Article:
53

Rashid Nezhmetdinov, aka “Super Nezh”, was clearly GM strength, having a plus score in the 20 games he played against World Champions, including a plus score against his friend, Tal. He was also a five-time Russian champion (this title predates the Soviet Union, and is not the same as champion of the Soviet Union). I was a Russian linguist in the Air Force ...


40

Herbert Simon touched on this question. He received the Turing Award in 1975 and the Nobel Prize in Economics in 1978. His primary research interest was decision-making and is best known for the theories of "bounded rationality" and "satisficing". Satisficing is a decision-making strategy or cognitive heuristic that entails searching through the available ...


36

When a GM, or even lesser strong players reach a position that is totally unfamiliar, they have to break it down into components. They evaluate the following for BOTH sides. In general, a lot of this is done subconsciously by strong players. Material, and what pieces are better. Sometimes a well-placed knight can be better than a rook, for example. Can any ...


34

Where am I wrong? None of "the world's best intellectuals" spend much time playing chess. The only strong (GM strength) chess player who qualifies as an intellectual is Dr John Nunn GM who graduated with a first in mathematics from Oxford University at the age of 18. Why do people even play chess? The best answer to this was given by Siegbert Tarrasch ...


32

Enjoying chess and getting better at it can be viewed as an instrumental good, as well as possibly an intrinsic good. As an instrumental good, chess can help us be better in other areas of life. For example, playing consistently might help sharpen certain areas of your mind. Coming up with plans could help one make plans in real life as well. Knowing when ...


29

Let's take a conversation. The number of sentences that could be said are infinite. The number of grammatically correct is still infinte, as is the number of logically/conversationally correct would be. The humans pare down what they say in any situation by intuition/experience. As chess players study what should be played, their task is much easier than ...


25

Humans try to understand a game like this, to formulate rules, try to recognize patterns of what worked in one position and apply them in positions they consider similar. And it turns out that that is possible, otherwise there wouldn't be humans of different playing strengths, everybody would just be guessing. Then we used that knowledge to create engines ...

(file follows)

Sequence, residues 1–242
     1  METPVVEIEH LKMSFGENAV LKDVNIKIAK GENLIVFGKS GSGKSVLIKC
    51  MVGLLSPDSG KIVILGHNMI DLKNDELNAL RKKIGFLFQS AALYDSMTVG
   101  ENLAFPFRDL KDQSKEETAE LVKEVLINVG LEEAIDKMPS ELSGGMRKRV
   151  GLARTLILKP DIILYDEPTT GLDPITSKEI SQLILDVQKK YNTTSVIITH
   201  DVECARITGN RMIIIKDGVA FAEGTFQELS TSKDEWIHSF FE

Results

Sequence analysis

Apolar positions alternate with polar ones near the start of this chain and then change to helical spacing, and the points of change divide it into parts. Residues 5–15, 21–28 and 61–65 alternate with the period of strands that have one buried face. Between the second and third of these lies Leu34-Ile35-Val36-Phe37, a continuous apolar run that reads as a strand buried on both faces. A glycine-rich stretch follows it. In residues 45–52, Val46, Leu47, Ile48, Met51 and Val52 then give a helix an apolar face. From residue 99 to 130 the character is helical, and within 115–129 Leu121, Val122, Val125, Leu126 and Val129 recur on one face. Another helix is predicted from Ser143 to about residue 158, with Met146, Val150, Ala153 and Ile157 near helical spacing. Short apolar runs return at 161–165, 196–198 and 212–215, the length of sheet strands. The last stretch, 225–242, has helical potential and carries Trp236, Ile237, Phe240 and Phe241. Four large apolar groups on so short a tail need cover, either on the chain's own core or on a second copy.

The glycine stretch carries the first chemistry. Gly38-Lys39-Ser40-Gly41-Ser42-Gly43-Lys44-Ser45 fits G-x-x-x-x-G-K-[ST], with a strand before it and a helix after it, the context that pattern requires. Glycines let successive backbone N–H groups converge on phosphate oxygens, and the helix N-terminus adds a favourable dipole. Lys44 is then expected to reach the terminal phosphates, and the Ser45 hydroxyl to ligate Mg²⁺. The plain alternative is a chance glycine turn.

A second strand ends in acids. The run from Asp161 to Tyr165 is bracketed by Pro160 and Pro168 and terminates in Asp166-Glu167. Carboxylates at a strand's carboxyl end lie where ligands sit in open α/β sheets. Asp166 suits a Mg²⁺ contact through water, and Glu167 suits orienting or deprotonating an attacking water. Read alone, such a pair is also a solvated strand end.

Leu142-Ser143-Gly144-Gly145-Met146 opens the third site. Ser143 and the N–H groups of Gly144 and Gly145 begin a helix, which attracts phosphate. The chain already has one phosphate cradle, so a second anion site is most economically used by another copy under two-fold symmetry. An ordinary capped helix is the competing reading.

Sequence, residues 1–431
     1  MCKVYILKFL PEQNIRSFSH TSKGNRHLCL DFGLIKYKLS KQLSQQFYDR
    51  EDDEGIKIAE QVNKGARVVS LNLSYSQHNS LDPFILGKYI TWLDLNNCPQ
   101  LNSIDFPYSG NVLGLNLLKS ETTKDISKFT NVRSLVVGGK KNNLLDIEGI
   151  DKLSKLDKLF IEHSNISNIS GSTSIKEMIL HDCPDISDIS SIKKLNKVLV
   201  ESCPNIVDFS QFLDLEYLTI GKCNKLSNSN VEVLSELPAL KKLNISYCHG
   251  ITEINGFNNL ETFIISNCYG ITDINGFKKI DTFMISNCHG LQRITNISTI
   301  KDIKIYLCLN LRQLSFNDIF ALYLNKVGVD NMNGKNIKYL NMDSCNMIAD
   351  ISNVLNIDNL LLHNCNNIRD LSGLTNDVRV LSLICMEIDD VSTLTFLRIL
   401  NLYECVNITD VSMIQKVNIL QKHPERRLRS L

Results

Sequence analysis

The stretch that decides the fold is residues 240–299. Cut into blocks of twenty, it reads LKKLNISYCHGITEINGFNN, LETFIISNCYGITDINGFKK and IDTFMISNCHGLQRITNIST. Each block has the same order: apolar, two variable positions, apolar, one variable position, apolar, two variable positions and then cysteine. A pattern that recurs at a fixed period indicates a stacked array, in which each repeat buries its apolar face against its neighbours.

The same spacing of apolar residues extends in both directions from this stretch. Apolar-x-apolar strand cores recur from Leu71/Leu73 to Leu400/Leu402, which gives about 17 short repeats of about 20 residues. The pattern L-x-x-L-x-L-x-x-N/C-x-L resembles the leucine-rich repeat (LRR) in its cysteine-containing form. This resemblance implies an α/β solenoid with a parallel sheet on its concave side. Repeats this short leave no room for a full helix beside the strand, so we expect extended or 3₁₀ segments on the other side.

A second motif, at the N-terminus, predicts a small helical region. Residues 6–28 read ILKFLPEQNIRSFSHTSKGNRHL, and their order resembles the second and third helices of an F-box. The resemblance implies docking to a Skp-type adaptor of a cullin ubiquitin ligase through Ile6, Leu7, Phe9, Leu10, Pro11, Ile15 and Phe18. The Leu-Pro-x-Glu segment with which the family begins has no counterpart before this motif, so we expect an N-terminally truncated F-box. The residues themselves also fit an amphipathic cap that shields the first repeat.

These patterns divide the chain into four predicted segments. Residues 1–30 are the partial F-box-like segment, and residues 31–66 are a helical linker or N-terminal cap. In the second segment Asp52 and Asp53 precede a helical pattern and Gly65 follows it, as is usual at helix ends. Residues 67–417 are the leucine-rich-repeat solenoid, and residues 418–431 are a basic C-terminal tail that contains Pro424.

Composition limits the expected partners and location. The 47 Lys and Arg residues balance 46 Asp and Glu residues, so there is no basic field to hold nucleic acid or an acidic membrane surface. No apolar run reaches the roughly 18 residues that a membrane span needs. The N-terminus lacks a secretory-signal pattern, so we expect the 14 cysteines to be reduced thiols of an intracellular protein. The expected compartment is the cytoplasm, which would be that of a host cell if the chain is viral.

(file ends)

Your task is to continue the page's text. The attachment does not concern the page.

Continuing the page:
24

Probably more often than people realize. There have been several notable instances where GMs (even world champions) have missed simple mates in one. From my own experience, when I analyze my games the engine frequently will point out some ridiculous 25 move forced mate. In a game, I'm not going to take the time to calculate something like that out if I have ...


22

I agree with you, more than your coach. Just analyzing a GM game, even with a computer, is not helpful just by itself if you have no idea what is going on. For example, just earlier today, I answered a question here, where the person gave a computer line that made no sense as far as the plans for the position were concerned, so the computer was really no ...


21

It really depends on what you mean by "lengthen". I am not a GM, but as an "ordinary" Master, I have played 1700s before, who were lost by move 10, but the game still took 50 moves to finish. If you are trying to stay equal longer, that is a harder question to address. If you are just taking about purely lengthening the game, then you are looking to trade ...


18

It really depends on what counts as a missed checkmate. In Blitz we occasionally see a missed mate in 1. In slower games, mates in a few moves are rarelly missed. But the problem is that sometimes long mate sequences will be "intentionally missed", as the player will go for a solid advatange that guarantees victory rather than calculate a 15-move ...


17

You are wrong because you want to enslave the world's best intellectuals to dedicate their time and effort to tasks that you deem important rather than on what they find enjoyable and fulfilling.


15

In order to qualify for the title of Grandmaster, a player must achieve three Grandmaster norms. That is not accurate. The regulations for the award of FIDE titles are given here. There are two ways to become a grandmaster. Achieving norms and reaching a certain rating is one way but there are also Direct Titles. The FIDE handbook defines these like this:...


14

Vast intellectual talent does not automatically confer a loving desire to make society better. You fail to take into consideration the great number of humans who are superintelligent, overeducated, and energetic -- and who totally despise their fellow man. They are naturally given to long periods of brooding inner fury followed by bursts of precipitate ...


14

Are there such examples of torturous winning, where a grandmaster resists his urge to resign and lets the opponent take all of his pieces before he gets checkmated? No, there aren't, for the simple reason that that sort of behaviour would require both players to behave in an extremely childish manner and childish behaviour (e.g. "hope chess") is ...


13